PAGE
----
South Korea's plan to sell a stake in Daewoo Shipbuilding to an Australian firm has stalled and other options to lure foreign capital are being considered, officials at Daewoo and its creditors said. Differences over how to value Daewoo's share price and how well qualified the Australian company
is to hold a stake in a shipbuilding firm have helped stall the deal, they said. Newcastle, a company formed by Australia-based investors, expressed interest in Daewoo Shipbuilding early in 2000.
Officials at Korea Development Bank
(KDB), the main creditor of Daewoo Shipbuilding, said the bank
's last official contact with Newcastle was in August. "The price the Australian company has in mind appears to be based on the concept that Daewoo Shipbuilding is a bankrupt company," said I.R. Cho
, a KDB official in charge of Daewoo Shipbuilding. KDB officials said creditors would soon meet to discuss how to sell their stake, with an open auction as one option, but nothing had been scheduled yet. Last October, the shipbuilding unit of the former Daewoo Heavy was spun off into an independent entity after creditors wrote off much of its debt through a debt-to-equity swap that left them with a 77 percent stake in the shipbuilder.
KDB officials said the purchase price for Daewoo Shipbuilding should be well over 10,000 won per share to reflect the company's growth potential, while Newcastle was reportedly seeking the market price. Shares of Daewoo Shipbuilding fell 200 won to close at 3,870. In December, creditors increased paid-in capital in the shipbuilder to 992 billion won ($785.2 million) via 766 billion won in debt-to-equity swaps.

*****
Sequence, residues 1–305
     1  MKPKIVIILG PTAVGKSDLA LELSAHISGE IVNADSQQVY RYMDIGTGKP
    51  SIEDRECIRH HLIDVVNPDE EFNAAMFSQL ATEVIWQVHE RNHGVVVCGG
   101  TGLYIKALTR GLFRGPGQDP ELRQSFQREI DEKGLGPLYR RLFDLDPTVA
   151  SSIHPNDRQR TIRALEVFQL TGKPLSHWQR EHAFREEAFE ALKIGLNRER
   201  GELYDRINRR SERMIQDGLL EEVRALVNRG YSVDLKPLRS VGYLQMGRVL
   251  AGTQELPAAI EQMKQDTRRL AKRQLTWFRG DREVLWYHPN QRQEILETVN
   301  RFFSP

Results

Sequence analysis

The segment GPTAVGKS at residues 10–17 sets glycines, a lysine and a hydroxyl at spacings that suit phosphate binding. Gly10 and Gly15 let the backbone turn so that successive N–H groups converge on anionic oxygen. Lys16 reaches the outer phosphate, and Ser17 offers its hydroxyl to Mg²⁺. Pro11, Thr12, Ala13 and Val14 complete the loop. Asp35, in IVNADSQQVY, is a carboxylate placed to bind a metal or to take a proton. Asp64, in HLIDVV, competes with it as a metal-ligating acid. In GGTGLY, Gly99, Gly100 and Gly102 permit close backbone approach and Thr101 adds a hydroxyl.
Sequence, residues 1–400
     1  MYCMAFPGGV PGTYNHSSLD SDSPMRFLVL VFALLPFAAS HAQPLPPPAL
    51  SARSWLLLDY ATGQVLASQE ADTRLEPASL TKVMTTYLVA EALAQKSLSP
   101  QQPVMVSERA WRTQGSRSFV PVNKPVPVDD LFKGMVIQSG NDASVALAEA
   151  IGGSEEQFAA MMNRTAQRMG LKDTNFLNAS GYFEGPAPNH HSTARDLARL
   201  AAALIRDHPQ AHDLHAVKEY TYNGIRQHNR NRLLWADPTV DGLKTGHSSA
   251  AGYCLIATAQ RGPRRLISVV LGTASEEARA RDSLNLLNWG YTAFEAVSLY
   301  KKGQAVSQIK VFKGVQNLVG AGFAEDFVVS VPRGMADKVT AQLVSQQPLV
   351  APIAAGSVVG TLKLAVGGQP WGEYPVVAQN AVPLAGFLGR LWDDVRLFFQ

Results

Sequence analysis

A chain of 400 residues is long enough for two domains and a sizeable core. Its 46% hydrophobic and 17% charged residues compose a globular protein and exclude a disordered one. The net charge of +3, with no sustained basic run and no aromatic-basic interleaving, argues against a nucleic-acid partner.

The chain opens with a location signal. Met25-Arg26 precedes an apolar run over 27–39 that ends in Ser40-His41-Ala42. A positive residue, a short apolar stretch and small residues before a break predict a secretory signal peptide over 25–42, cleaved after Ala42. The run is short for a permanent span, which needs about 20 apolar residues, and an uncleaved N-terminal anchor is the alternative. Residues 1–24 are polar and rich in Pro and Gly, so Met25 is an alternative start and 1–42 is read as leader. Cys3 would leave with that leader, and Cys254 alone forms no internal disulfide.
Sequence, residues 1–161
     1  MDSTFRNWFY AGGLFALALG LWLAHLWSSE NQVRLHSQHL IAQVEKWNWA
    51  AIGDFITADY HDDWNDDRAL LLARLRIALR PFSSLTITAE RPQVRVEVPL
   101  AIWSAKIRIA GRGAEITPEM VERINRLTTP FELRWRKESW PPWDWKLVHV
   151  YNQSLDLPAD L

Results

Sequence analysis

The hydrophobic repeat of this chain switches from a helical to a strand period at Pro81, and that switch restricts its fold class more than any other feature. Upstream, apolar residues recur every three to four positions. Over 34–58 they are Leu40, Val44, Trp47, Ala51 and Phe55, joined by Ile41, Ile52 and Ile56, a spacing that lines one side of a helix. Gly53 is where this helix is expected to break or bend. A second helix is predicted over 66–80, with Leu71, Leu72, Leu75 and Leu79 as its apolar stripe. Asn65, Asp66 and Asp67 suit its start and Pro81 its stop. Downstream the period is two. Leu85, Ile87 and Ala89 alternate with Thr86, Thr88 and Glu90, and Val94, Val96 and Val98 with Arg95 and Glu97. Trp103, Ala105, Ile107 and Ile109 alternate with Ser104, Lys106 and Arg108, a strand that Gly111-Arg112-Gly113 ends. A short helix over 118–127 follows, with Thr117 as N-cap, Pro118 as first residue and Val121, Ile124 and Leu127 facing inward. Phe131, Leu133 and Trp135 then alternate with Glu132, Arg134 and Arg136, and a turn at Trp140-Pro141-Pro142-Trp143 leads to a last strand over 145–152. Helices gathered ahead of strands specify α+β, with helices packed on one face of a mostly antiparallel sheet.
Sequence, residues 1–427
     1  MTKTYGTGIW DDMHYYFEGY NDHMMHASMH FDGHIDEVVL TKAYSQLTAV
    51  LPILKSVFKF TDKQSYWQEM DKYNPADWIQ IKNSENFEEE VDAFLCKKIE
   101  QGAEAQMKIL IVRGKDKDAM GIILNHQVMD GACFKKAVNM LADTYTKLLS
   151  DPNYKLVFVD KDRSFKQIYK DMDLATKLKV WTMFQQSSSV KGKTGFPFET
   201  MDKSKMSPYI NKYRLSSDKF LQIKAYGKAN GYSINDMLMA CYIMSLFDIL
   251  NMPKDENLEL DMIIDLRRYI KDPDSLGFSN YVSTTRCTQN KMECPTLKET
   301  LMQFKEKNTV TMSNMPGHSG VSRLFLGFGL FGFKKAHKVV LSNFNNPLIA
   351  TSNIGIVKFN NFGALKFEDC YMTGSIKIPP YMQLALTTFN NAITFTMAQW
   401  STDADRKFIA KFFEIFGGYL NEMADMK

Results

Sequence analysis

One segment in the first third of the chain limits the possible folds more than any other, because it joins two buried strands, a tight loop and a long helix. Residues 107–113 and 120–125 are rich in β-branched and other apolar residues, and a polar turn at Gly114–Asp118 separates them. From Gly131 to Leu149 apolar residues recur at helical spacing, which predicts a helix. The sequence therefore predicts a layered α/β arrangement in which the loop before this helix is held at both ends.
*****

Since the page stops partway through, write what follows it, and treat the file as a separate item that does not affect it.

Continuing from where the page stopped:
The share was re-listed on the Korea Stock Exchange last
week, but trade of the 77 percent stake owned by creditors was put on hold until the end of this year to prevent share prices from falling. Creditors had yet to decide what portion of their shares they would sell, but analysts said creditors' stake should be reduced to below 50 percent in order to cede management control.
"A foreign partnership is vital to the revival of Daewoo Shipbuilding because
the company's reputation has been shaken badly since it was thrown into the hands of creditors in 1999," said Song Sang-hoon
, analyst at Dongwon Economic Research Institute
. "But the shipbuilder still must recover further if it wants to look attractive to potential investors."
The shipbuilding firm, along with 11 other Daewoo Group companies, was rescued by creditors in August 1999 after a recession the previous year made it impossible to operate. Its backlogged orders, estimated at $4.5 billion, were sufficient to keep the dockyard busy for the next two-and-a-half years, but profits would be meager as the company had to make concessions to secure orders. Loan incentives Daewoo has received under its debt workout program also drew criticism about dumping practices from European competitors. - (Reuters)